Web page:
Update (12/15/2020): We had CF Frost on Episode 106 of the podcast to discuss this deal and all things Amex
Update (12/15/2020): It appears Amex has pulled the offer.
This is a guest post from CF Frost. He surfaced up this offer and has been helping people understand how Amex upgrade offers work – and this deal specifically – on Milenomics Slack.
Direct Link to check whether you’re eligible
(you’ll need to have an active Amex No Annual Fee Hilton or Surpass card that’s been open more than a year, without an Aspire card associated with the online profile you’re checking from)
The world’s most nuanced card gets the world’s most nuanced upgrade offer.
Early yesterday as I performed my morning ritual of logging onto Amex to confirm my account hadn’t been shut down yet, I checked my prequalified offers (found in Menu – Cards – Check for Pre-qualified Credit Card Offers rather than the more common location for upgrade offers in the Amex Offers & Benefits section) and found this sizzler – an offer to upgrade my fee free Hilton card to an Aspire for no points, but with an unusual fee structure.
Quoted here in text:
“The following is a summary of the changes that will be made to your account if you accept this upgrade offer. Other rates and fees will remain the same.
Annual Membership Fee: When you upgrade, your new Card will have a promotional annual fee of $0 for one year. In the first billing period on or after the end of the promotional year, you will be charged a prorated amount of the $95 annual fee for your new Card based on the time remaining until your next account anniversary date. On each account anniversary date thereafter, you will be charged the annual fee for your new Card. If you cancel your Card account or switch to another Card during the one year promotional period, you may no longer remain eligible for this promotion.“
My Hilton Amex card holds a special place in both my wallet and my heart – it was the first credit card I ever signed up for (coming with a whopping signup bonus of 10,000 points) and the OG sits in a small frame on my desk.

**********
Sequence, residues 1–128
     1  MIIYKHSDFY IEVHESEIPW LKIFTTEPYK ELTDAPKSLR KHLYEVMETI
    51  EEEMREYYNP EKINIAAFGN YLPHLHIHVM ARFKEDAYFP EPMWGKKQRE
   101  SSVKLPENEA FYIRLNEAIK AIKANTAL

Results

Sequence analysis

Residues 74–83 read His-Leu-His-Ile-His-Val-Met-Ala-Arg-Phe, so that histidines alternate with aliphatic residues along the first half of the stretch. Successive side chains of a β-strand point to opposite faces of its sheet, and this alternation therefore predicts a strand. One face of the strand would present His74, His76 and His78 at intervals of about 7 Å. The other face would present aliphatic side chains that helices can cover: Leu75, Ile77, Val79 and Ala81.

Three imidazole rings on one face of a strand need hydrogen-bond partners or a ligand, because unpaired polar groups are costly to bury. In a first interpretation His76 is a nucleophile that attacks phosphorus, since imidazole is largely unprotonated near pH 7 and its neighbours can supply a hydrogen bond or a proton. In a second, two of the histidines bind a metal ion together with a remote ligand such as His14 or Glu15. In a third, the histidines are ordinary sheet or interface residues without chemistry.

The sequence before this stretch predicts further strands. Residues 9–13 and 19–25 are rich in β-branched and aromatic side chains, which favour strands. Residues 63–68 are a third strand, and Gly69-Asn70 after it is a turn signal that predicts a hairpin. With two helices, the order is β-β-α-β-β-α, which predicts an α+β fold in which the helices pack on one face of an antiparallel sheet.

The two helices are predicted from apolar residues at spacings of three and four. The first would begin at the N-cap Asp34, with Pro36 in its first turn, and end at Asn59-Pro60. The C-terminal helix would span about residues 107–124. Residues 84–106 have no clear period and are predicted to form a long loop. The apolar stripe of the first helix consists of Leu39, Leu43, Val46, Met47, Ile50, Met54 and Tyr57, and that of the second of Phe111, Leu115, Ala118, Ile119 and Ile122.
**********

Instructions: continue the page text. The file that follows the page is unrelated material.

Since that fateful day it has been a dedicated soldier to the cause – diligently doing the dirty work needed to keep my average age of accounts up; all while being upgraded and downgraded more times than I’d like Amex to know about. If anyone could take on unwrapping this early Christmas (or timely Hanukkah) gift, I knew it was up for the challenge.
How Amex Upgrades Normally Work
For what appears to be a relatively straightforward offer, it has surprising complexities.
There are two factors in play here – your upgrade date (the date you upgrade the card, for me December 2020) and your card anniversary date (which corresponds to the date you originally got the card, my next anniversary will be March 2021).
Under a typical upgrade scenario, Amex would prorate the annual fee from your upgrade date to your anniversary date – in that scenario I would be charged three months of annual fee (25% of $450, or $112) upon upgrade, and then the full $450 in March 2021.
How This No-Fee Aspire Upgrade Offer Works
With this offer, no fee will be charged on upgrade -and- no fee will be charged on the anniversary date this offer straddles.
Additionally, you get a reduced prorated fee ($95 vs $450) for whatever portion of the cardmember year remains a year from when you took the offer and the original card’s anniversary date.
- March 2019: Card’s birthdate
- December 2020: Upgrade to Aspire (no fee)
- March 2021: Card anniversary (no fee, weekend night certs, resort credit resets)
- December 2021: Prorated $95 fee (from December 2021 – March 2022, say 25% or $24)
- March 2022: Full $450 fee (or whatever the fee is at that point)
In the meantime here’s what an upgrade can collect:
- $250 Airline Fee Credit (each calendar year), which can be triple dipped into January 2022